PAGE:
A few ‘revolutionary’ and ‘intermittent’ interviewees did want to abolish the police, and as one said, ‘reimagine a different way of operating’ in society. A few other protesters supported defunding because they wanted to see the ‘demilitarisation’ of law enforcement. One explained: ‘There’s no reason police should be able to deck themselves out in military grade equipment for peaceful protesters.’

Most interviewees argued that the police are needed to keep law and order, but that they are expected to do too much and to deal with societal problems as well as crime. While a few called for reallocation of funding within police budgets to improve officer training in community issues, two-thirds of participants thought that crime could be prevented or reduced if some police resources were reallocated to community services that meet people’s immediate needs. Examples given included youth clubs, mental health services, schooling, anti-poverty initiatives, and affordable housing. One protester said that this would ‘take some of the pressure off the police so they aren’t the ones that always have to do the heavy lifting’.

Defund the police

Cobbina-Dungy and her colleagues’ research is one of the first studies to look specifically at how ‘defund the police’ is understood by protesters with differing levels of commitment to the BLM movement. It confirms that protester type shapes people’s responses and provides a more nuanced view than the opinion polls that are often used to gauge public perceptions of controversial subjects.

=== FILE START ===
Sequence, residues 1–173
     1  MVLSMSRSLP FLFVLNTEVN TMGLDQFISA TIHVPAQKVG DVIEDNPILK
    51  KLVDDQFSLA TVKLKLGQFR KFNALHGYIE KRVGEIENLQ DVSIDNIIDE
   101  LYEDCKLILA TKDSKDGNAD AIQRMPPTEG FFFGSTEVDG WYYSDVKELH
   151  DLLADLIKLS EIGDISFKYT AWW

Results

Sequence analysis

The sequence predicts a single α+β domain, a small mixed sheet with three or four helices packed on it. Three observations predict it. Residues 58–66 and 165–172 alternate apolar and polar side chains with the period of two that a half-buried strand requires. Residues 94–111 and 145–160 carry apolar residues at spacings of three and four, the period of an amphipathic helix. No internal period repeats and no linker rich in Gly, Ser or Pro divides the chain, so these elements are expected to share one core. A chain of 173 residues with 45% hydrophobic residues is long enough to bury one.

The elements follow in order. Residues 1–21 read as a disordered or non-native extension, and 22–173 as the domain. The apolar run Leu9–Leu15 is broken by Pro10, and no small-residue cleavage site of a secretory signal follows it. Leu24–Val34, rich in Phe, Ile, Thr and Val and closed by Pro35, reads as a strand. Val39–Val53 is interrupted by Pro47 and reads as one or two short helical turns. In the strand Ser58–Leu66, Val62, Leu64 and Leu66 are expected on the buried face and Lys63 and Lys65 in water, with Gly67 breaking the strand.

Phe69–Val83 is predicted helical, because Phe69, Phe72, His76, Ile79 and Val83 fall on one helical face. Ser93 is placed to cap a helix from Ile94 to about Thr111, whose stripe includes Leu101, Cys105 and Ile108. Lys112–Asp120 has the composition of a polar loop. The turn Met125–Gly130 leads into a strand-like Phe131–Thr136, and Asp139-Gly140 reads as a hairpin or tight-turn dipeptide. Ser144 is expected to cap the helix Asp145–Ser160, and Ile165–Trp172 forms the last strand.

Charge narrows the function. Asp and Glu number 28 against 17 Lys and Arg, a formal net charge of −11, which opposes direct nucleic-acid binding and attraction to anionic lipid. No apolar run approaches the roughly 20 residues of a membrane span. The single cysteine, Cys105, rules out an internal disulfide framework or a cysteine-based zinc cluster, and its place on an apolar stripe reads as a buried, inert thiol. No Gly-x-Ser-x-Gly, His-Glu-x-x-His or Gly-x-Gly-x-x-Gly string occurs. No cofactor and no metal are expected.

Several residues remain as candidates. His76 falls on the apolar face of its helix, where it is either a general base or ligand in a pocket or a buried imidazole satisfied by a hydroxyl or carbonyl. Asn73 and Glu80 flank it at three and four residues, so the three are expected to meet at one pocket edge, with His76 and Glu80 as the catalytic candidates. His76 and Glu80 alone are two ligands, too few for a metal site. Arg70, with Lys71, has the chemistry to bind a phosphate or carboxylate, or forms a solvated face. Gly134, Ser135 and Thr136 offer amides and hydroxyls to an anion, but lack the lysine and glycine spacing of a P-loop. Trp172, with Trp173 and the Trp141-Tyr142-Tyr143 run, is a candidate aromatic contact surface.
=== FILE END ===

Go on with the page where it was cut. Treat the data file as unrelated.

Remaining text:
This research is the first to assess how ‘defund the police’ is understood by a range of different protestors. Hyejin Kang/Shutterstock.co

Some protesters interviewed for the study had reservations about the terminology of ‘defund the police’, but most thought of defunding as a two-step process that starts with the reduction of police budgets and is followed by reallocation of the resources saved to social services in the same communities that the police departments serve.

“‘Defund the police’ is a complicated term which is open to manipulation by the mass media according to political or other agendas.”

Although the interviewees came from different racial backgrounds, racial identity did not appear to shape people’s opinions on defunding. Reallocation was not only supported because interviewees thought money would be better spent in preventative work: interviewees said it was also because police were not always the best people to deal with non-violent situations (cases which, as Cobbina-Dungy quotes, account for 94% of calls to the police), and may even cause problems and escalate situations. In addition, interviewees reported that high levels of expenditures on police in under-resourced communities fails to make communities safer and disproportionately penalises Black people and people from other ethnic backgrounds.

The way forward